WASHINGTON (Reuters) - With climate change legislation a top U.S. priority for Democrats this year, lawmakers began zeroing in on Thursday on ways to ease the financial burden it could impose on the poor, especially in the midst of a deep economic recession.
Senate Majority Leader Harry Reid, a Democrat, announced he would try to pass a bill capping harmful greenhouse gas emissions from utilities and other industries by mid-year.
President Barack Obama has proposed such controls, but told a group of corporate executives that “this will be a difficult transition for many businesses to make,” and that is why he did not envision the caps starting until 2012.
In response to a question about whether 100 percent of permits to emit carbon dioxide would be sold to industry, Obama told the Business Roundtable that there needs to be the “right balance.” Some leading lawmakers have suggested both giving and selling some of the permits to companies.
The controversial climate control measure, which many Republicans oppose, would be combined with renewable energy initiatives into one massive bill under plans being floated by Reid and House of Representatives Speaker Nancy Pelosi.
“The House has decided to take them all up together. That’s probably where we’re headed,” Reid told reporters on Capitol Hill. “We’re not going to be able to get this (Senate package cleared) until sometime in the summer at the earliest.”
Reid said he has spoken with Pelosi about also folding the combined climate change bill into budget legislation, which would require only 51 votes in the Senate to pass instead of the 60 votes normally needed to overcome possible Republican procedural hurdles.
But a bipartisan group of senators on Thursday warned against the tactic, saying climate legislation was too important to jam into a fast-track budget bill.
If the Democratic-controlled Congress is able to pass legislation, it would mark a reversal after eight years of resistance from former President George W. Bush, who rejected U.S. participation in the carbon-capping Kyoto Protocol, saying it would damage the U.S. economy.
As Reid sketched out his climate control gameplan, House members, including lawmakers representing poor, rural areas, pressed experts for ways to mitigate the impact on the poor, who spend a greater proportion of their incomes on heating and fuel than middle-income and wealthy people.
“The impact is real and we’re going to have to address it,” said Representative Chris Van Hollen, a member of the House Democratic leadership.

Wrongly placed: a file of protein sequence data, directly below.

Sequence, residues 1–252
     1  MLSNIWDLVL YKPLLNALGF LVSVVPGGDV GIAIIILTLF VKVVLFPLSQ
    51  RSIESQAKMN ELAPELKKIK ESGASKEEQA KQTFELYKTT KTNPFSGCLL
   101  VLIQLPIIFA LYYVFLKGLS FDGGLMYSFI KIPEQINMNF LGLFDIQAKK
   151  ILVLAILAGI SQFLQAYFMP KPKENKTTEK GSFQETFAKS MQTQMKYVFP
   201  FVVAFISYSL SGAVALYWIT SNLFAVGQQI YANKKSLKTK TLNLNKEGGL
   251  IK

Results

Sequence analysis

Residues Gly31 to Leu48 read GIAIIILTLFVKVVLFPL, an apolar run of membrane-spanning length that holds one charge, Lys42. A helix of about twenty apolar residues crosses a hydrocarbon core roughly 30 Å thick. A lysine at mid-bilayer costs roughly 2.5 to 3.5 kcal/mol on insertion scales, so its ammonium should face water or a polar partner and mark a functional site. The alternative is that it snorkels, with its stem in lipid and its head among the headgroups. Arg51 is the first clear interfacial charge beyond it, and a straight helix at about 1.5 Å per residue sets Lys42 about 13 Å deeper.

Representative Artur Davis, whose home state of Alabama is one of the poorer in the country, said lawmakers should be concerned about a disproportionate impact on industries clustered in the southern and Midwestern manufacturing states.
If Republicans, who have begun branding the Obama administration’s climate control initiative a “national energy tax,” end up boycotting the legislation, southern Democratic support from lawmakers like Davis will be particularly important.
So far, Republicans have opposed major initiatives floated by President Barack Obama — from the $787 billion economic stimulus to his climate control plan and some aspects of his planned healthcare overhaul.
The Congressional Budget Office, a nonpartisan analyst for lawmakers, estimates that U.S. households spend about 6.8 percent of their total expenditures on utility and gasoline bills. But for the poorest in the United States, that figure skyrockets to 21.4 percent.
Dallas Burtraw, a senior fellow at Resources for the Future, told the House panel that under climate change bills being considered by Congress, electricity rates, on average, could rise by about 30 percent within 20 years.
Average household energy expenditures increased by 81 percent between 2001-2008, House Energy and Commerce Committee Chairman Henry Waxman pointed out at a separate hearing.
Among proposals being considered for easing the pain on the poor are expanding tax credits to help them pay rising energy costs or other types of rebates.
The Obama administration has proposed raising $646 billion under a climate change plan by selling permits to power plants, oil refineries and other industrial facilities that would limit the greenhouse gases they could emit.
The revenues collected by the government could help consumers pay for higher energy costs, as well as supporting alternative energy initiatives.
Additional reporting by Tom Doggett, editing by Stacey Joyce and Philip Barbara